Published by New York State Law Reporting Bureau pursuant to Judiciary Law § 431.
This opinion is uncorrected and subject to revision before publication in the Official Reports.
Peter Tom,Justice Presiding, Richard T. Andrias David B. Saxe Karla Moskowitz Rolando T. Acosta,Justices.
Disciplinary proceedings instituted by the Departmental Disciplinary Committee for the First Judicial Department. Respondent, Kenneth Schneider, was admitted to the Bar of the State of New York at a Term of the Appellate Division of the Supreme Court for the First Judicial Department on April 26, 1993.
Respondent Kenneth Schneider was admitted to the practice of law in the State of New York by the First Judicial Department on April 26, 1993. Respondent's last known business address listed with the Office of Court Administration is in London, England.
On October 1, 2010, respondent was found guilty, after a jury trial in the United States District Court for the Eastern District of Pennsylvania of traveling in foreign commerce for the purpose of engaging in sex with a minor, in violation of 18 USC § 2423(b) (count 1), and transporting a person in foreign commerce for the purpose of engaging in criminal sexual acts, in violation of 18 USC § 2421 (count 2), both felonies. By order dated September 21, 2011, the District Court vacated his conviction with respect to count 2. On December 1, 2011, respondent was sentenced to a prison term of 180 months and 3 years of supervised release. He was fined $20,000, required to pay $35,000 in restitution and directed to register as a sex offender. Respondent is presently incarcerated.
The Departmental Disciplinary Committee now seeks an order determining that the crime of which respondent has been convicted is a "serious crime," directing respondent's immediate interim suspension from the practice of law pursuant to Judiciary Law § 90(4)(f), and, upon that determination, directing respondent, to show cause before a Referee appointed by this Court or a Hearing Panel of the Committee, why a final order of suspension or disbarrment should not be made within 90 days from respondent's release from prison pursuant to Judiciary Law § 90(4)(g) and 22 NYCRR 603.12(a).
Respondent's counsel has submitted an answer acknowledging that respondent's conviction constitutes a "serious crime." However, counsel requests that this proceeding be stayed pursuant Judiciary Law § 90(4)(g) until the appeal of respondent's conviction is determined by the United States Court of Appeals for the Third Circuit. In the event the conviction is affirmed, counsel states that respondent will seek a hearing pursuant to Judiciary Law § 90(4)(h) to address the appropriate sanction.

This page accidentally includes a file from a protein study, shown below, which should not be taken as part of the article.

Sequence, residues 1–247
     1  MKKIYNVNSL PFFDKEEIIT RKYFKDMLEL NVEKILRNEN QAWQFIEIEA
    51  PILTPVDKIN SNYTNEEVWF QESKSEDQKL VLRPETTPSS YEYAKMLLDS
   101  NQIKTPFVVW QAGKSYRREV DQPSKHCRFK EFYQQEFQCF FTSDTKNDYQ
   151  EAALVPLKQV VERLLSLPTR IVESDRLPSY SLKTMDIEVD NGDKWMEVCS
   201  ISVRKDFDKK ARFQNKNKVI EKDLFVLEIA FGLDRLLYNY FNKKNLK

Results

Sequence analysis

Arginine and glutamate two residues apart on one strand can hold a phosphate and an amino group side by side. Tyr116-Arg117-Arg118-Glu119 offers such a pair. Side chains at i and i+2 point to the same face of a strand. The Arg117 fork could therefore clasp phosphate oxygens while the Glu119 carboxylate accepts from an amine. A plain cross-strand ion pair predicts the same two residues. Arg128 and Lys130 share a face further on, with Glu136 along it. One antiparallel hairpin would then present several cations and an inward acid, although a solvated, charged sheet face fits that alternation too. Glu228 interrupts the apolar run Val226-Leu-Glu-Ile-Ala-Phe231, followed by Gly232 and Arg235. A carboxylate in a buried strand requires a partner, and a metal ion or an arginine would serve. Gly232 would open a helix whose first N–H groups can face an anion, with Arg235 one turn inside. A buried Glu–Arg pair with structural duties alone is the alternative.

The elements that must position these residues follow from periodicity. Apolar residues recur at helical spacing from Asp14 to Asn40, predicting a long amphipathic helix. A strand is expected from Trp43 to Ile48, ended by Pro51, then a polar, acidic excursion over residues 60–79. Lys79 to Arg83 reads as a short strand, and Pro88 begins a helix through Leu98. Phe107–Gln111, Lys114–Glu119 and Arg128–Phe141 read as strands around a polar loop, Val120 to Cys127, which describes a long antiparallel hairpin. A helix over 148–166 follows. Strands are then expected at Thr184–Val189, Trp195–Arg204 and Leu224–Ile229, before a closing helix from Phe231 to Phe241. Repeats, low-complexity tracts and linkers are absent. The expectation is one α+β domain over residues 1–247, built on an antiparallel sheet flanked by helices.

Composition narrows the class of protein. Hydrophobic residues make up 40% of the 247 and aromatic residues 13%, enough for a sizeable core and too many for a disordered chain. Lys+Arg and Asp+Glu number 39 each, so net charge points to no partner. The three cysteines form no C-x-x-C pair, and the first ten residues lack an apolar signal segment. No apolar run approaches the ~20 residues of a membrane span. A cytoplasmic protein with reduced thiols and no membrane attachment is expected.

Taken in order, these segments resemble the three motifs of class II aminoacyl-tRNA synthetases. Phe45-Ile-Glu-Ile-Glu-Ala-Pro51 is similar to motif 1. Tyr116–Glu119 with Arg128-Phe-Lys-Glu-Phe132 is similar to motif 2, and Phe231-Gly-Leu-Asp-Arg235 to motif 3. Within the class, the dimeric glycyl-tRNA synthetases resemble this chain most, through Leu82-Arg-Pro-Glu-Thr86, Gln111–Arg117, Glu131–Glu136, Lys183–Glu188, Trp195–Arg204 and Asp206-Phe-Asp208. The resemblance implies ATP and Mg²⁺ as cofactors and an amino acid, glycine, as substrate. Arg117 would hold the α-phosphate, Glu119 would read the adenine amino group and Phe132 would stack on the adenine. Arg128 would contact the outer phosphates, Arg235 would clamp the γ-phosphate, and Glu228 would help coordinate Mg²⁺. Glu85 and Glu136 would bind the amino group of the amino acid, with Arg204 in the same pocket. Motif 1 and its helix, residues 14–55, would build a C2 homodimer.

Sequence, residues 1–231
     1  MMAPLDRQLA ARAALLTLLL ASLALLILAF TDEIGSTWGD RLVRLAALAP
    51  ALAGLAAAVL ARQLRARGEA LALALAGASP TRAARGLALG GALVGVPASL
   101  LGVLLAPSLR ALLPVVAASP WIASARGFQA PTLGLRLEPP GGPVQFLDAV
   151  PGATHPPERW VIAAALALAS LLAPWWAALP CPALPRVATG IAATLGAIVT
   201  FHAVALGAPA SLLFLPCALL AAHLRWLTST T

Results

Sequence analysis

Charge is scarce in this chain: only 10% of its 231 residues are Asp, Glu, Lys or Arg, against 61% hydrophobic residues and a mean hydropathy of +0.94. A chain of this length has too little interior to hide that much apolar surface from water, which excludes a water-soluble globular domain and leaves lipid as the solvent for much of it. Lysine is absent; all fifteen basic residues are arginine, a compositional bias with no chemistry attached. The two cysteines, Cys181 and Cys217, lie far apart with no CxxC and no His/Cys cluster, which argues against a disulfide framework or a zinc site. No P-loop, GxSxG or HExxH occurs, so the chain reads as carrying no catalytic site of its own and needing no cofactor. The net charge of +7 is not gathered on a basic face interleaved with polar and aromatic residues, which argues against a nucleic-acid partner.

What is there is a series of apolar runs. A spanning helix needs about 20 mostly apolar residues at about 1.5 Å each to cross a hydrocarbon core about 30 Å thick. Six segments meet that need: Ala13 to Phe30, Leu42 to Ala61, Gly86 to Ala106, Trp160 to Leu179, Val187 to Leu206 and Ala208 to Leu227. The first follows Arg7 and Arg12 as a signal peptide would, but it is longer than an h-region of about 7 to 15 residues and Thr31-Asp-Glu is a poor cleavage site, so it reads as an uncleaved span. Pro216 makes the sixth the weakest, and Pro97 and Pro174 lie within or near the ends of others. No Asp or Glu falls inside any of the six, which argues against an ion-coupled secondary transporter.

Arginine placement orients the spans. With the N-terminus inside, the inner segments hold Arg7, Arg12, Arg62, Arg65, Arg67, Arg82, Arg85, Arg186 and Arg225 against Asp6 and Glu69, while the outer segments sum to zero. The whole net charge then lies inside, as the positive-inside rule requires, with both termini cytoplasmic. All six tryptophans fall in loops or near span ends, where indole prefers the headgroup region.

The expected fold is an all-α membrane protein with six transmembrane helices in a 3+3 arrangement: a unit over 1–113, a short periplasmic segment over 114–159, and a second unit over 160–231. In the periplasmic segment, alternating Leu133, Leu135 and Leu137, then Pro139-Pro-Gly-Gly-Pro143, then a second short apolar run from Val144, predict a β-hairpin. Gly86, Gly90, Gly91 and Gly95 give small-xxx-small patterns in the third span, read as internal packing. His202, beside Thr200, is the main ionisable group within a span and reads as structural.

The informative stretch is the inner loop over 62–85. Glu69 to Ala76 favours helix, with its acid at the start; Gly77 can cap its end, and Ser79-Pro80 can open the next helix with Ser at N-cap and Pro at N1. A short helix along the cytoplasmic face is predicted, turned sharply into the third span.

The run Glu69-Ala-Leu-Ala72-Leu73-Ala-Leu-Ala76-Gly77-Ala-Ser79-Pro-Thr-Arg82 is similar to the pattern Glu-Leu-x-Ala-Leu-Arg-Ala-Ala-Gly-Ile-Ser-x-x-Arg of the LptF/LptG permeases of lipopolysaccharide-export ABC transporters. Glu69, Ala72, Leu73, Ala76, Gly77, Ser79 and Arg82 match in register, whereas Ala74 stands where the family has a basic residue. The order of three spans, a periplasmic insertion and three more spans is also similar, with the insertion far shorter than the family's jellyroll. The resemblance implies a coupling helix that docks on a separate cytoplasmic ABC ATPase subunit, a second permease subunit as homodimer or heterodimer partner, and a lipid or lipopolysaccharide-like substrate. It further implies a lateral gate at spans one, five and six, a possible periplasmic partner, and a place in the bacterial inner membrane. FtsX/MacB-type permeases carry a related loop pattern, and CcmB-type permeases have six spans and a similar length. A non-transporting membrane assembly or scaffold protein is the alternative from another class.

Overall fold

Judiciary Law § 90(4)(d) defines "serious crime" in pertinent part as follows: "any criminal offense denominated a felony under the laws of . . . the United States which does not constitute a felony under the laws of this state." Section 603.12 (b) of the Rules of this Court states in pertinent part as follows: "The term serious crime' shall include any felony, not resulting in automatic disbarrment under the provisions of subdivision 4 of section 90 of the Judiciary Law." The crime respondent was convicted of, traveling in foreign commerce for the purpose of engaging in sex with a minor, in violation of 18 USC § 2423(b), is a "serious crime" within the meaning of Judiciary Law § 90(4)(d) and 22 NYCRR 603.12(b) as it is a felony under the United States Code, does not constitute a felony under the laws of this State, and is not a predicate for automatic disbarrment pursuant to Judiciary Law § 90(4).
Judiciary Law § 90(4)(f) provides in relevant part: "Any attorney and counselor-at-law convicted of a serious crime . . . shall be suspended upon the receipt by the appellate division of the supreme court of the record of such conviction until a final order is made pursuant to paragraph g of this subdivision." This Court has consistently held that during the pendency of a "serious crime" proceeding, it is appropriate to suspend an attorney, pursuant to Judiciary Law § 90(4)(f), who has been convicted of a felony and who is serving a term of probation or imprisonment (Matter of Shapiro, 81 AD3d 25 ; Matter of Ruble, 66 AD3d 48 ). Absent a compelling reason, which does not exist here, an appeal of the conviction is not a basis for a stay (22 NYCRR 603.12[e]).
Accordingly, the Committee's petition should be granted, the crime of which respondent has been convicted is deemed a "serious crime" within the meaning of Judiciary Law § 90(4)(d) and 22 NYCRR 603.12 (b), respondent is immediately suspended from the practice of law pursuant to Judiciary Law § 90(4)(f), and respondent is directed to show cause before a Hearing Panel designated by the Committee, pursuant to Judiciary Law § 90(4)(g), which shall hold a hearing within 90 days of the date of respondent's release from prison and issue a report and recommendation to this Court, why a final ...